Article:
Tag Archives: Rebecca McKinnis

St Anne Comes Home

★★★★

St Paul’s Church, Covent Garden

St Anne

St Anne Comes Home

St Paul’s Church, Covent Garden

Reviewed – 30th August 2020

★★★★

 

“The three singers each give pitch-perfect, passionate performances that lift the material beyond the realm of ‘folk’, allowing the listener to hear the underlying grander potential”

 

Stories are everywhere; and the inspiration behind these stories can spring up in some of the most unlikely places. This is certainly true for Jack Miles, the writer/composer of “St Anne Comes Home”. There was nothing particularly special about his bus ride through a rain-soaked Vauxhall, his spirits as damp as the pavement outside his window. There was nothing special about the man in the church doorway, whose solitary, melancholic profile flickered past as the bus turned away. Yet half an hour later that vague shadow had morphed into a multi-coloured, multi-faceted scenario in Miles’ mind.

We all do it, at some point. Paul Simon famously scribbled the lyrics to the iconic folk song “America” while imagining the lives of his fellow Greyhound bus passengers. Finding the drama within the minutiae of the mundane is a skill that Miles has put to good use in this new ‘folk musical’ premiering in the centre of Covent Garden, as part of the Iris Theatre Summer Festival in the garden of St Paul’s Church.

James (Jordan Castle) is the focal character; homeless and, to the annoyance of the local fair-weather parishioners, has made a temporary home in the doorway of St. Anne church. Estranged from his young daughter he seems initially to be running away from his problems. Here he meets Bridget (Rebecca McKinnis) who is trapped in an abusive marriage and struggling to raise her own child. Over tea and sympathy, they share their stories. Meanwhile Russell (Mathew Craig), the Catholic priest, battles with his own demons, torn between letting James into the flock or, by bowing to his congregation’s unchristian intolerance, rejecting him.

It is within the songs that one gets the true sense of the story, rather than the dialogue of platitudes that link them. The three singers each give pitch-perfect, passionate performances that lift the material beyond the realm of ‘folk’, allowing the listener to hear the underlying grander potential. At times, however, the emotion outweighs the content. The storyline follows a predictable path along which the stakes are never raised high enough to warrant the sheer outpouring of grief and anger that these singers convey. If this is an obstacle to being swept away by the characters, we do have the consolation of being blown away by the charisma of the cast.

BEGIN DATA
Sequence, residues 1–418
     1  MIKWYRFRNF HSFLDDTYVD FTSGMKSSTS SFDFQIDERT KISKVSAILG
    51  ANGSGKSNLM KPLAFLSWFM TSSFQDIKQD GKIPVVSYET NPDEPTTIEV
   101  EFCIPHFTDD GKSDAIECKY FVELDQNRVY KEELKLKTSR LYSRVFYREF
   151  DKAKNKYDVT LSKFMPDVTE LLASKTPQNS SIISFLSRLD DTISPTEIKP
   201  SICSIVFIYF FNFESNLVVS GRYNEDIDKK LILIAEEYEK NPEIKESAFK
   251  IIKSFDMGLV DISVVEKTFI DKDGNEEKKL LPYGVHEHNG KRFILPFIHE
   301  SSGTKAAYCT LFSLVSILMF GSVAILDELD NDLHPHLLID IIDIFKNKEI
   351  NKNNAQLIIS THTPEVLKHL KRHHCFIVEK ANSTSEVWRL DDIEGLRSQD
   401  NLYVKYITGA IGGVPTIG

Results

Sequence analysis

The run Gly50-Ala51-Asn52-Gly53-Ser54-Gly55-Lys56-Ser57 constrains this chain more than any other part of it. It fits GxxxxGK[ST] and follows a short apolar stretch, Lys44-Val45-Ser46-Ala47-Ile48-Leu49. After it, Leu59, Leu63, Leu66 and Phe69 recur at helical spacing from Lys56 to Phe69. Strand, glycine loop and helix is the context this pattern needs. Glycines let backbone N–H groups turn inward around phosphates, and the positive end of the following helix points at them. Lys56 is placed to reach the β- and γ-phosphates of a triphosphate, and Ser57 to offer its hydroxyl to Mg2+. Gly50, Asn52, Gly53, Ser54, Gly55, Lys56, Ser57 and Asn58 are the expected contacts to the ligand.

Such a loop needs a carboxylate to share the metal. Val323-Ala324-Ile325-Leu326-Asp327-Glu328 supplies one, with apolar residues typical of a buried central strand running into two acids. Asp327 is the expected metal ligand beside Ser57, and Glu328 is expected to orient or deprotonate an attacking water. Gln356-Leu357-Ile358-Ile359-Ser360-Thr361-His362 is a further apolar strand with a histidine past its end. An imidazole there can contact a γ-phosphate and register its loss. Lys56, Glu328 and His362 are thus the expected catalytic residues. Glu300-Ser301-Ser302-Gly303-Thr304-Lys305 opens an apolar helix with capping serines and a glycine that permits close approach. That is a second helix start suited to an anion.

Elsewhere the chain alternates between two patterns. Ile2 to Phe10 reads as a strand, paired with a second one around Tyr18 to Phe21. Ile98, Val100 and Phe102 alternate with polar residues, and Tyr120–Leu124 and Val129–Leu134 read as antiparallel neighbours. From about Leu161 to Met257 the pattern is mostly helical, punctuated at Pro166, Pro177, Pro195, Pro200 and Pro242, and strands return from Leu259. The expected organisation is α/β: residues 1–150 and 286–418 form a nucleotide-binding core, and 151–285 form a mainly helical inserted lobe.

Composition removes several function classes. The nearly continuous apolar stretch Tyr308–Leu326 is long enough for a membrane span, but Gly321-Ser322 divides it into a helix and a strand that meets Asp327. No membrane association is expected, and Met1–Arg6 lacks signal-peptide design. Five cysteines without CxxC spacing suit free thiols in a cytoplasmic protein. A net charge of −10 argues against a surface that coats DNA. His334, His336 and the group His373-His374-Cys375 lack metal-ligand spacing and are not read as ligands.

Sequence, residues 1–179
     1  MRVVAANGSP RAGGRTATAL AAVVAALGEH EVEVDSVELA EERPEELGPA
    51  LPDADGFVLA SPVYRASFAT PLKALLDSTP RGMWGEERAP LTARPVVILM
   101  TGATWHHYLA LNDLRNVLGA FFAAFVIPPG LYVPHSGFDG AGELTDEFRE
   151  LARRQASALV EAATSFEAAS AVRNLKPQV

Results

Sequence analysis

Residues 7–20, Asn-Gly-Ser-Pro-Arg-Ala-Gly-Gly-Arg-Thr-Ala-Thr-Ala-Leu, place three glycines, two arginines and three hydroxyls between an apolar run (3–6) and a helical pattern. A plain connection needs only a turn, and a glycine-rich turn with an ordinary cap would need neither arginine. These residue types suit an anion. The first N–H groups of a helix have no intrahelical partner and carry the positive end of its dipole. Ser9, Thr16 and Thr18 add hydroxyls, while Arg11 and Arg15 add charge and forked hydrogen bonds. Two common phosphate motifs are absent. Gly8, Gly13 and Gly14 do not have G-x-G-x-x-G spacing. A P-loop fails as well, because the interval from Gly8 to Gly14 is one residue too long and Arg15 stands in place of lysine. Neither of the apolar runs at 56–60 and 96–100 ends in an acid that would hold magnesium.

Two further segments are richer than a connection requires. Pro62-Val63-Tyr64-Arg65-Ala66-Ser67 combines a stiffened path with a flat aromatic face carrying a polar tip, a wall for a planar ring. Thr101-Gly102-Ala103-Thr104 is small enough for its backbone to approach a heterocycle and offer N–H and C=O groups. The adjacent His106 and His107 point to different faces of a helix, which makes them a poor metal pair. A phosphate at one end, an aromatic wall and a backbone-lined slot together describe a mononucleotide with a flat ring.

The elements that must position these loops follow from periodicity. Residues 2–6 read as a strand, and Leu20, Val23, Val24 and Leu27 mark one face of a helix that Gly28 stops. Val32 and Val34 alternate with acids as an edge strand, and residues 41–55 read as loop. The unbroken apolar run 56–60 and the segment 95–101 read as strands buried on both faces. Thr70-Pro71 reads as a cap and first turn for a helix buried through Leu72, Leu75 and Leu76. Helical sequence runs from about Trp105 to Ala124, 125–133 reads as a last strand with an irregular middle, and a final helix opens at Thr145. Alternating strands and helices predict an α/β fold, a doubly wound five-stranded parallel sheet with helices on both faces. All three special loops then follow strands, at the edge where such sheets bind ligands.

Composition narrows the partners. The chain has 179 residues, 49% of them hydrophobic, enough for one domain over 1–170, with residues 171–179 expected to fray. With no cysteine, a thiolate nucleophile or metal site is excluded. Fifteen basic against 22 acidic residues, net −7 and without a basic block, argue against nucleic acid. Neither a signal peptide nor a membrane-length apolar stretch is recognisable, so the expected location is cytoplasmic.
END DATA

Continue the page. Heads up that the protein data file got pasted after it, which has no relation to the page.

And Jack Miles has crafted a selection of very fine songs. Miles himself accompanies on guitar, alongside Claudia Fuller on violin and Ben Jones on Double Bass. Under Joe Beighton’s assured musical supervision the delicacy of the arrangements highlights the fluctuating moods and melodic structure. Jones switches from bowing to picking in a beat, matching the emotional U-turns of the characters, while Fuller’s violin soothes and angers in perfect time to the libretto.

From the back seat of a bus to a front seat in London’s theatreland (albeit in the open air, while most of the theatre’s doors are still closed) this musical has been a year in the making so far. Director Martha Geelan has been at the helm in shaping the drama, moulding the imagination of Miles into a refreshing new piece of musical theatre. I don’t think they should stop here though. The journey is only just beginning, but that is meant as a sincere compliment. At the moment it comes across as a storm in a teacup, but its horizons are so much wider than that.

 

Reviewed by Jonathan Evans

Photography by Harry Grout

 


St Anne Comes Home

St Paul’s Church, Covent Garden

 

Previously reviewed by Jonathan:
Tell It Slant | ★★★ | Hope Theatre | February 2020
The Importance Of Being Earnest | ★★★½ | The Turbine Theatre | February 2020
Closed Lands | ★★★ | The Vaults | March 2020
Max Raabe & Palast Orchester | ★★★★★ | Cadogan Hall | March 2020
The Kite Runner | ★★★★ | Richmond Theatre | March 2020
The Last Five Years | ★★★★ | Southwark Playhouse | March 2020
A Separate Peace | ★★★★ | Online | May 2020
The Understudy | ★★★★ | Online | May 2020
Godspell Online in Concert | ★★★★★ | Online | August 2020
Henry V | ★★★★ | The Maltings | August 2020

 

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